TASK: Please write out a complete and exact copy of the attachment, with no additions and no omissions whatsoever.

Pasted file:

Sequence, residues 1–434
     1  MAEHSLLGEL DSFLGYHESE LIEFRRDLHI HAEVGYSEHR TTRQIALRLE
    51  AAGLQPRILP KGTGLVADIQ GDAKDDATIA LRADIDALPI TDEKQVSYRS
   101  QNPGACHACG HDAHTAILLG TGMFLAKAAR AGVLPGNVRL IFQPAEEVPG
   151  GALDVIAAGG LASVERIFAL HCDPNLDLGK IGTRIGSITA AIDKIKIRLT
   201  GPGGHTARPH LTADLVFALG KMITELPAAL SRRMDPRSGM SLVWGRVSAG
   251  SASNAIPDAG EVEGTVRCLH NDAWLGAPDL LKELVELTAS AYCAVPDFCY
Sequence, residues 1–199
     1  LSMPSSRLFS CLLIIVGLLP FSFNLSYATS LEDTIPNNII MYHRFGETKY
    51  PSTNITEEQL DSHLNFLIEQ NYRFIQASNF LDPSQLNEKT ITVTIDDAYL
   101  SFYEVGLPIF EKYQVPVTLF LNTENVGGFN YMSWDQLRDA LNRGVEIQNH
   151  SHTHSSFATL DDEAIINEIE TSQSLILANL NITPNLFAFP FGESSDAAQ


Sequence, residues 1–434
     1  MAEHSLLGEL DSFLGYHESE LIEFRRDLHI HAEVGYSEHR TTRQIALRLE
    51  AAGLQPRILP KGTGLVADIQ GDAKDDATIA LRADIDALPI TDEKQVSYRS
   101  QNPGACHACG HDAHTAILLG TGMFLAKAAR AGVLPGNVRL IFQPAEEVPG
   151  GALDVIAAGG LASVERIFAL HCDPNLDLGK IGTRIGSITA AIDKIKIRLT
   201  GPGGHTARPH LTADLVFALG KMITELPAAL SRRMDPRSGM SLVWGRVSAG
   251  SASNAIPDAG EVEGTVRCLH NDAWLGAPDL LKELVELTAS AYCAVPDFCY
Sequence, residues 1–199
     1  LSMPSSRLFS CLLIIVGLLP FSFNLSYATS LEDTIPNNII MYHRFGETKY
    51  PSTNITEEQL DSHLNFLIEQ NYRFIQASNF LDPSQLNEKT ITVTIDDAYL
   101  SFYEVGLPIF EKYQVPVTLF LNTENVGGFN YMSWDQLRDA LNRGVEIQNH
   151  SHTHSSFATL DDEAIINEIE TSQSLILANL NITPNLFAFP FGESSDAAQ